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This question already has an answer here:

In modern world people often use to send urls with url shortners from various webservices,Mostly we use url shortners to shorten the url

But in terms of exploits,phishing attempts how could we avoid it,if it's regular url we could/might guess some part of the url and ensure the confidentiality of url and might click over it,

What would be the approach while handling short links which carries hidden exploits?

marked as duplicate by SilverlightFox, Community Oct 27 '15 at 11:35

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To mitigate drive by exploit attacks:

  1. Disable plugins or set to click to run
  2. Disable JS for unknown sites
  3. Use a sandbox/VM
  4. Use exploit mitigation software such as MBAE, EMET or Palo Alto Traps
  5. Use a traffic analysis tool
  6. Block advertisements (optional)

To mitigate phishing attacks:

  1. Check site URL matches what you expect
  2. Check for a undepreciated TLS version
  3. Check certificate matches what you expect
  4. Check cipher suite is secure
  5. Use your common sense before entering information

You can also use a browser extension to pause loading before a redirect, so you know where the redirect leads.

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Several services exist to reverse a shortened URL. Essentially it just forces the service to visit the short URL and report back with the page it lands on.

Facebook and Twitter have bots for doing this. Every time you enter a link into Facebook chat or add a link to a status, a Facebook bot will crawl that site and figure out what's going on. If the site happens to be a known malicious site, Facebook will reject the post/message.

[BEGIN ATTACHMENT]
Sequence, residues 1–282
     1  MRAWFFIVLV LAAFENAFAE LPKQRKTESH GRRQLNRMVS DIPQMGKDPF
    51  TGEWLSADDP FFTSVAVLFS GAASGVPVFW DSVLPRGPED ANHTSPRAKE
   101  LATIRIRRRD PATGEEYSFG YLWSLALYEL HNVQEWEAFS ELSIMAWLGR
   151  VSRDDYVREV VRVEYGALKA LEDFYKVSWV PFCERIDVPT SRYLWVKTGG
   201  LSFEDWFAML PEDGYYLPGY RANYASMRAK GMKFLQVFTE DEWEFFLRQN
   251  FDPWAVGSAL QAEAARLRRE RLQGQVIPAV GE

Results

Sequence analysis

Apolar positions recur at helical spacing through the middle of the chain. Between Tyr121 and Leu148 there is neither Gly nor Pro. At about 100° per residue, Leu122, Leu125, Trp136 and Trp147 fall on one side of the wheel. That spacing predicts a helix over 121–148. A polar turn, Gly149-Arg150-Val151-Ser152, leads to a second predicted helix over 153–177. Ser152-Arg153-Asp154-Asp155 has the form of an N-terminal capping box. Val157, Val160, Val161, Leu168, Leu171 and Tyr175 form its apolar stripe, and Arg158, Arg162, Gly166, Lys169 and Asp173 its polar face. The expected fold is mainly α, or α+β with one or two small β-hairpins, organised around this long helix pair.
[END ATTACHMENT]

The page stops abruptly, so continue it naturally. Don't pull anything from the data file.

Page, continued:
Right now, I guess the best thing to do is use those services or do it manually in a virtual machine and note the steps taken using Wireshark & Fiddler. At least that way, you can draw a timeline of sites visited (if several redirects are involved), scripts used (Fiddler picks up all .php and .js scripts as well as flash files and more) and go from there.

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Short answer: you can't know where a short URL brings you to until you have clicked on it. And, as an additional danger, you can't even be sure whether the URL shortening service also performs other side-effect activities, as shown in this proof-of-concept which uses this feature to accomplish a DDoS.

There's even a URL shortening service that, for fun, will transform any link to a suspicious-looking one.

The only way to be sure is to click only on non-shortened URLs i.e. where the domain name is clearly visible.

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